Smartphone Breaks Benefit Businesses, StudyBy Staff Reporter
Smartphone microbreaks might benefit, and not disrupt, businesses, according to a Kansas State University study.
The researchers said that employees taking a short break to text their friend, to play "Angry Birds" or check Facebook, makes them more productive and happier during the workday.
For the study, the researchers surveyed 72 full-time employees from various organisations. An app installed on all participants' smartphones measured the devise's usage during work hours. The app divided the employees' smartphone usage into categories like entertainment (games like "Angry Birds" or "Candy Crush") or social media (Facebook and Twitter). At the end of each workday, the participants reported on their well-being.
The researchers found that workers spend an average of 22 minutes on their smart phones out of an eight-hour workday. And, those who took smartphone breaks throughout the day, were found to be the happiest at the end of the day.
"By interacting with friends or family members through a smartphone or by playing a short game, we found that employees can recover from some of their stress to refresh their minds and take a break," Sooyeol Kim, doctoral student in psychological sciences, said in a press release.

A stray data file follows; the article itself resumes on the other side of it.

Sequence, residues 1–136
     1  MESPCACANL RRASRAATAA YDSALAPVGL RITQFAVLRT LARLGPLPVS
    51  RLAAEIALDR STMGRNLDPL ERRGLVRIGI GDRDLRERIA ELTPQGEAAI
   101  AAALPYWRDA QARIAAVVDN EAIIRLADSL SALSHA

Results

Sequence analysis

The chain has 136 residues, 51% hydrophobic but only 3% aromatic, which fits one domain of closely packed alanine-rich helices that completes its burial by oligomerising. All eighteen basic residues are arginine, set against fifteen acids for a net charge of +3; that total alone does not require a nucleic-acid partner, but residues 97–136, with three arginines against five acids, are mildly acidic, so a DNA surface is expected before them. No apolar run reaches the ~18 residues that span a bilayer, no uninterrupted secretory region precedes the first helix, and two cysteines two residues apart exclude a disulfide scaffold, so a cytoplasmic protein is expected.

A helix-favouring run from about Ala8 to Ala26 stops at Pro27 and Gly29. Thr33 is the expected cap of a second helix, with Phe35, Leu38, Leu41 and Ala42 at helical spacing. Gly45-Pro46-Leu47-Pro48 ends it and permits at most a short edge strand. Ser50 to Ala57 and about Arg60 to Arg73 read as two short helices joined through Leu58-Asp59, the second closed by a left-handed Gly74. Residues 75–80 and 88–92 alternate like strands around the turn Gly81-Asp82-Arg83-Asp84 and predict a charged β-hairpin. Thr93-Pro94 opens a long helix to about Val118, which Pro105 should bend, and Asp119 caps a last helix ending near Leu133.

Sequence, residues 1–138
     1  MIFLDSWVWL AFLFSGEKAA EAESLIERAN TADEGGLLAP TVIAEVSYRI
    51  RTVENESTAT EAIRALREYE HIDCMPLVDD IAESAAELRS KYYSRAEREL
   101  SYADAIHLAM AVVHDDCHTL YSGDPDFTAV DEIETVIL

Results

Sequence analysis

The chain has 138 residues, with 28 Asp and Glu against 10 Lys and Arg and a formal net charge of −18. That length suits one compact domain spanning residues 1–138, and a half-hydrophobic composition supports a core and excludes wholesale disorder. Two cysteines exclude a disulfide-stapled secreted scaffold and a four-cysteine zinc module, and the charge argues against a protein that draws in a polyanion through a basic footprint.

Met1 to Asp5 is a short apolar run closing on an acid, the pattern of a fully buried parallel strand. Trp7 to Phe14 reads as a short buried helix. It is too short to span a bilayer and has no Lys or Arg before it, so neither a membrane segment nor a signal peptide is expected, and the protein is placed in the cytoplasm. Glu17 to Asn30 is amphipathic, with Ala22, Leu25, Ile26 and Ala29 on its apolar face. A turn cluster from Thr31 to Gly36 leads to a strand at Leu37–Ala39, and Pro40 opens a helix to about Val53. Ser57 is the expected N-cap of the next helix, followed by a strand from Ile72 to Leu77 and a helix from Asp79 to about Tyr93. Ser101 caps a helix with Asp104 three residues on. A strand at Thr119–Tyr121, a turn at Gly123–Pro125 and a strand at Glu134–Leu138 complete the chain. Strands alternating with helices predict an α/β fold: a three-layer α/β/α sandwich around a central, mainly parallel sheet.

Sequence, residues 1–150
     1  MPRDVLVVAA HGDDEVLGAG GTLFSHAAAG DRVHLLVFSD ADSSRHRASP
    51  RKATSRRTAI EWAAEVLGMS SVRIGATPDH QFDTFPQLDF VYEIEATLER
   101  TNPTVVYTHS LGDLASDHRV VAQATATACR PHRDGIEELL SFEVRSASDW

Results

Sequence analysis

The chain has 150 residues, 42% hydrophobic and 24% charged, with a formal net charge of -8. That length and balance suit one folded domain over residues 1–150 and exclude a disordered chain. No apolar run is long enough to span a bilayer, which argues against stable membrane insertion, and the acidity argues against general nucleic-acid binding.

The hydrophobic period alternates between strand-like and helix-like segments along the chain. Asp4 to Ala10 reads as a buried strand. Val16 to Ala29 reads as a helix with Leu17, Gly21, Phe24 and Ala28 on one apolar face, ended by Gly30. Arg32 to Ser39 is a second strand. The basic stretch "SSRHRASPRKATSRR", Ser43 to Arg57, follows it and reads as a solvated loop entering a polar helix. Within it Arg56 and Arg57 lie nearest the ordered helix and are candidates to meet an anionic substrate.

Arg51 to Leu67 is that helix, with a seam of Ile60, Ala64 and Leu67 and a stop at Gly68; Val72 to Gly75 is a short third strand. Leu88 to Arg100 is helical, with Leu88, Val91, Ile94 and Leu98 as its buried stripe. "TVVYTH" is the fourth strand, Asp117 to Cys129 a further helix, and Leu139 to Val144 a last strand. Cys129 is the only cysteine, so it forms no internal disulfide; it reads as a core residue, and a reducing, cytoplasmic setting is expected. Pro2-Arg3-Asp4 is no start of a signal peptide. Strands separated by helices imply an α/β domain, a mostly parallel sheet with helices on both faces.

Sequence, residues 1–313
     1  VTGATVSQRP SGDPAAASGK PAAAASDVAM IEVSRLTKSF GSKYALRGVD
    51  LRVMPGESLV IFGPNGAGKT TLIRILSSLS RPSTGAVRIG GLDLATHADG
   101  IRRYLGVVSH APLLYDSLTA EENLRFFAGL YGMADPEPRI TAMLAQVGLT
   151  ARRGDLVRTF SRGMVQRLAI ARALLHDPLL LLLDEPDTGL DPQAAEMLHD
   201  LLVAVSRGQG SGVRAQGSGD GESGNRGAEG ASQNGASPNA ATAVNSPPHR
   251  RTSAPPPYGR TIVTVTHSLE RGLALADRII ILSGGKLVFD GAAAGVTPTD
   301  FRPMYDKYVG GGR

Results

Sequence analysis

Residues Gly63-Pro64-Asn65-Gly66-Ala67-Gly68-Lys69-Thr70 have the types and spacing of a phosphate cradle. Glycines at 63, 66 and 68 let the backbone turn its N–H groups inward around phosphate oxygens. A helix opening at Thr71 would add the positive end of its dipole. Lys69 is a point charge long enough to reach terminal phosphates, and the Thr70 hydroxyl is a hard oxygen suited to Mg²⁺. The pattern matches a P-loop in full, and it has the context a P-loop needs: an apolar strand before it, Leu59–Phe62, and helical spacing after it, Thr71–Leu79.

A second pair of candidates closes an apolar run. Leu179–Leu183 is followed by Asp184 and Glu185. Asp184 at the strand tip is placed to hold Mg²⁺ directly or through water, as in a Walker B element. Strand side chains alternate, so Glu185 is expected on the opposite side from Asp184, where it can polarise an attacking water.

"For example, if I would play a game for an hour during my working hours, it would definitely hurt my work performance. But if I take short breaks of one or two minutes throughout the day, it could provide me with refreshment to do my job."
Kim said that taking micorbreaks throughout the workday is a must because it is difficult for an employee to concentrate for eight straight hours. Such breaks help them to meet demands of a workplace. Smartphone microbreaks are similar to other microbreaks like chatting with colleagues, walking around the hallway or getting a cup of coffee.
"These days, people struggle with a lot of different types of stressors, such as work demands, time scheduling, family issues or personal life issues," Kim said. "Smartphones might help and that is really important not only for individuals, but for an organization, too."